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Looking at a comment on this question, it reminded me of how there are two memory locations in the Apple II zero page that are used for random number generation: 0x4E and 0x4F (78 and 79, respectively).

How are the values in this field maintained so that it is always able to help produce a somewhat useful random number seed? Is it ticked or mathematically changed as part of an GETCH / keyboard input call, or is it manipulated during some other blocking call?

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    Remember that RND is basically broken. Bob Sander-Cederlof created a replacement that can be called from Basic linked in my answer here. See Fadden's answer (and my comment) to understand why RND is broken. Commented Jan 13, 2023 at 1:01
  • @NickWestgate: those answers appear to be talking about Applesoft's RND function, which is completely independent of the ROM RNDL/RNDH values.
    – Chris Dodd
    Commented Feb 12 at 10:33

1 Answer 1

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It's incremented while waiting for keyboard input.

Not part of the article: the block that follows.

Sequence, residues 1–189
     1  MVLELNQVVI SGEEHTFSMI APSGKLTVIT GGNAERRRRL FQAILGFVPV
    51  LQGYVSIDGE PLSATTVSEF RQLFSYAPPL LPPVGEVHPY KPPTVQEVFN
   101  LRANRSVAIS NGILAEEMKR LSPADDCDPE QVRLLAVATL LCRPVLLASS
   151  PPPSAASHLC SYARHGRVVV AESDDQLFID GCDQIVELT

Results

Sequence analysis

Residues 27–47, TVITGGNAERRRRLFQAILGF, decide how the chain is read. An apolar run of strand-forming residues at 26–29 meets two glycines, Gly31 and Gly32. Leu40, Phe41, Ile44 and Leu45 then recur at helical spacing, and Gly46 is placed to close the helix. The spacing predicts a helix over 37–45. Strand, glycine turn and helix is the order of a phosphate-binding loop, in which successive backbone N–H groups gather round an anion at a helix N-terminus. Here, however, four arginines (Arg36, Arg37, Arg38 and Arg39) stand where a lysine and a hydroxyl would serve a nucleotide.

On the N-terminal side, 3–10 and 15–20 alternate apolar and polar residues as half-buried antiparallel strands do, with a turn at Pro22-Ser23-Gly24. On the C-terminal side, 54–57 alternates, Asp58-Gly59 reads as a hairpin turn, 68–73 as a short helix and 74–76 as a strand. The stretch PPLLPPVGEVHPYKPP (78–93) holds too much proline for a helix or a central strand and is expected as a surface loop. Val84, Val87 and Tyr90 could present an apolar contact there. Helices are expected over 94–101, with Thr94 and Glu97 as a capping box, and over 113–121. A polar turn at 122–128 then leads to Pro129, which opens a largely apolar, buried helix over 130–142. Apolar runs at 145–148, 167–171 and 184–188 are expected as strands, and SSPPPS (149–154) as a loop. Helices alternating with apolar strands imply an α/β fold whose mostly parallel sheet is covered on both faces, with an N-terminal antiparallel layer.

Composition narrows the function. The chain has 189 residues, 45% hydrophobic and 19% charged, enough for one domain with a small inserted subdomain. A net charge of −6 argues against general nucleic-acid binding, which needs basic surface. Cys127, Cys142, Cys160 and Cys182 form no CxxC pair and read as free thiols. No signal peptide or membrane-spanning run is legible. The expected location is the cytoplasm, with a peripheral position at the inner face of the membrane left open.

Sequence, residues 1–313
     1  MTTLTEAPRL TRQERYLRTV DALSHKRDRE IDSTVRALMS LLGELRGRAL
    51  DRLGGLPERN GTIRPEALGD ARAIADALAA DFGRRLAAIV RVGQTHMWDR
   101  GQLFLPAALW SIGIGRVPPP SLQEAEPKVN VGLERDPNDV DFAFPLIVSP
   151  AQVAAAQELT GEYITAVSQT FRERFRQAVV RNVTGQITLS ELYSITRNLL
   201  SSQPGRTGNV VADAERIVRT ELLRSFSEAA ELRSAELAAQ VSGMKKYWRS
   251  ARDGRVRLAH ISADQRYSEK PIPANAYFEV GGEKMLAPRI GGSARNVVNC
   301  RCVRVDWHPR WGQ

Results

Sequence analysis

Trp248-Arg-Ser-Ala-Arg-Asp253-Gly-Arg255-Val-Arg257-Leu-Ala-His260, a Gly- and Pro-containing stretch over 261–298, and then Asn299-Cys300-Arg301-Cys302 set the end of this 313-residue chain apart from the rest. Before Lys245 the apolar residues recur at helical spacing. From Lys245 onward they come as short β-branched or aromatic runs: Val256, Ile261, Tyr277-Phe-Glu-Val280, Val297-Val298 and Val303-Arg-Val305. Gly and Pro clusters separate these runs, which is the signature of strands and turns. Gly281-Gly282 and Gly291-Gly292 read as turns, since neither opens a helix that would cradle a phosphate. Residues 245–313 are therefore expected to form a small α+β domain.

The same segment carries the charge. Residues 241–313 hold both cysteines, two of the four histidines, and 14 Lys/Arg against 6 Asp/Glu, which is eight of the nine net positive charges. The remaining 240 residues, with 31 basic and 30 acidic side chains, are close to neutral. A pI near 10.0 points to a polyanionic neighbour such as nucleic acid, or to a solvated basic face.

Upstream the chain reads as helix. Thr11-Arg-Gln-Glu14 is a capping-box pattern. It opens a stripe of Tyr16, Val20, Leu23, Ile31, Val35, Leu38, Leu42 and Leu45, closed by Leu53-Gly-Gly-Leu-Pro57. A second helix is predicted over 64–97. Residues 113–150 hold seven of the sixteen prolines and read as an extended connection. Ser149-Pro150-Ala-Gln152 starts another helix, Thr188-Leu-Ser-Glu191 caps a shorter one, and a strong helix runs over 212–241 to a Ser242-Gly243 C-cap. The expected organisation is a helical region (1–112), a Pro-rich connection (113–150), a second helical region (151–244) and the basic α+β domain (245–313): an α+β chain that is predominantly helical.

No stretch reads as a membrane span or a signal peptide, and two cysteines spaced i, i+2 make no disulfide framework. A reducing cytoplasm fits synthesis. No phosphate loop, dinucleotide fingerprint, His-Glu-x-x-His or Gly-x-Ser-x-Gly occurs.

The 16-bit random seed (RNDL and RNDH) is updated by the KEYIN routine as it spins while waiting for a key press. KEYIN is used by the Monitor ROM's keyboard input routines like GETLN and RDKEY.

Apple II+ Monitor ROM Listing:

fd1b: e6 4e        KEYIN       inc     RNDL
fd1d: d0 02                    bne     KEYIN2          ;incr rnd number
fd1f: e6 4f                    inc     RNDH
fd21: 2c 00 c0     KEYIN2      bit     IOADR           ;key down?
fd24: 10 f5                    bpl     KEYIN           ;  loop
fd26: 91 28                    sta     (BASL),y        ;replace flashing screen
fd28: ad 00 c0                 lda     IOADR           ;get keycode
fd2b: 2c 10 c0                 bit     KBDSTRB         ;clr key strobe
fd2e: 60                       rts
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    Great first answer. Welcome to the site! Commented Jan 13, 2023 at 2:00

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